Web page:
After Azure AD Authentication Library (ADAL) is enabled, users cannot sign in to Skype for Business, and they receive the following error message:
You didn’t get signed in. It might be your sign-in address or logon credentials, so try those again. If that doesn’t work, contact your support team.
This issue occurs because Integrated Windows Authentication is enabled for the ADAL Security Token Service (STS) URL. Therefore, users are signing in to Skype for Business by using different user credentials than those for the account that is logged on to the Operating System.
To resolve this issue, change the Internet Explorer “User Authentication” settings on the affected client computers to “prompt for user name and password” in the security zone. To do this, use one of the following methods.
Method 1: Change the setting manually
In Internet Explorer, click Tools, click Internet Options, and then click the Security tab.
Select the security zone that includes the STS URL. Typically, this is the Local Intranet zone.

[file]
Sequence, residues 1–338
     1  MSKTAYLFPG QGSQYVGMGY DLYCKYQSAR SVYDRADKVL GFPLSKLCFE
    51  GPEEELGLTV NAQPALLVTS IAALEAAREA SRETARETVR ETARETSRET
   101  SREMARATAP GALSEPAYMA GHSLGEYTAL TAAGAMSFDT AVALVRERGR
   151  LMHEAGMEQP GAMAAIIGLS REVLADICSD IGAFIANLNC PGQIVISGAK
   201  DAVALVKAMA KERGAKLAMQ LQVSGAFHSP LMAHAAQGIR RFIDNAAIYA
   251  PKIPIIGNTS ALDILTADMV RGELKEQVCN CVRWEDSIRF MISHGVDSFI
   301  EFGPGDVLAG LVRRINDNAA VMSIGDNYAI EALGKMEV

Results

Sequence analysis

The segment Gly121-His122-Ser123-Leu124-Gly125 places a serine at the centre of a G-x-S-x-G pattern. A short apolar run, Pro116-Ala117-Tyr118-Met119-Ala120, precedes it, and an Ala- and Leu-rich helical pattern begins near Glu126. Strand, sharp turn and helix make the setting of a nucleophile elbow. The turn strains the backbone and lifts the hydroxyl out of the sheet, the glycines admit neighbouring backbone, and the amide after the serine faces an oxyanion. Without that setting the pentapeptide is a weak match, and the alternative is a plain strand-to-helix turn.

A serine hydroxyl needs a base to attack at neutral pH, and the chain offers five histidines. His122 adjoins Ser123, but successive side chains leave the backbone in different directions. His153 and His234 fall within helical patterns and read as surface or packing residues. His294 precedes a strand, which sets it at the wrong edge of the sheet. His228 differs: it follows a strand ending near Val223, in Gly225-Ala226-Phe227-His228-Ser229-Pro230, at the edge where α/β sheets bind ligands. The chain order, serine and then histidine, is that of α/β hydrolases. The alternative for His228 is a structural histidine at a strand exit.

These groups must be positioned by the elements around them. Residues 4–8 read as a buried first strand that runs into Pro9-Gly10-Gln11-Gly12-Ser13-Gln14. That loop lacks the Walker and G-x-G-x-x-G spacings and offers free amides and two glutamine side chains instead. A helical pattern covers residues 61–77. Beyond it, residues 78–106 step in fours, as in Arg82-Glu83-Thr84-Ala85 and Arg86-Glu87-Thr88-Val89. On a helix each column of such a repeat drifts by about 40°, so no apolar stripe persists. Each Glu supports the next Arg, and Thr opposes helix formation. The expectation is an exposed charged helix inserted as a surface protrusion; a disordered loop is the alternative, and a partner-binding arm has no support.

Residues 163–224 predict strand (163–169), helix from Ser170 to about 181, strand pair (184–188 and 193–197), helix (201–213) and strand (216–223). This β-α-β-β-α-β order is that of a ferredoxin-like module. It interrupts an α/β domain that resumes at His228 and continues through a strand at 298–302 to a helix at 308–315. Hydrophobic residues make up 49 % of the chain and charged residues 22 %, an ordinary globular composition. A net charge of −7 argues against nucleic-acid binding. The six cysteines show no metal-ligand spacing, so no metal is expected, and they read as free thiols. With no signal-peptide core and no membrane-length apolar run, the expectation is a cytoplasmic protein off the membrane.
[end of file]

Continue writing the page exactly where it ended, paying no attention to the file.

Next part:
Click the Custom level button, and then scroll to the end of the Settings list.
In the User Authentication section, select the Prompt for user name and password option.
Method 2: Use Group Policy
Push the following registry key to the affected client computers by using the following Group Policy Object:
Location: HKEY_LOCAL\MACHINE\Software\Microsoft\Windows\CurrentVersion\Internet Settings\Zones\1
Value name: 1A00
The value 0x10000 represents the “Prompt for user name and password” setting.
When the ADAL STS URL resolves to an internal ADFS server, and Integrated Windows Authentication is enabled in browsers, computers on which many users sign in to client applications may not authenticate the logon attempts. To avoid this issue, the browser must be explicitly configured to prompt users for their credentials in a given browser Security Zone. For example, a kiosk is configured in this manner. The account that is logged on to the operating system may be different from the user account that is used to sign in to the Skype for Business client. In this situation, you may see the failures that are described in the "Symptoms" section.
If you have kiosks on which the user who starts the Skype for Business client differs (that is, has a different account) from the user who is logged on to the computer, you may want to test the method of turning on the Prompt for user name and password option for these computers in Group Policy.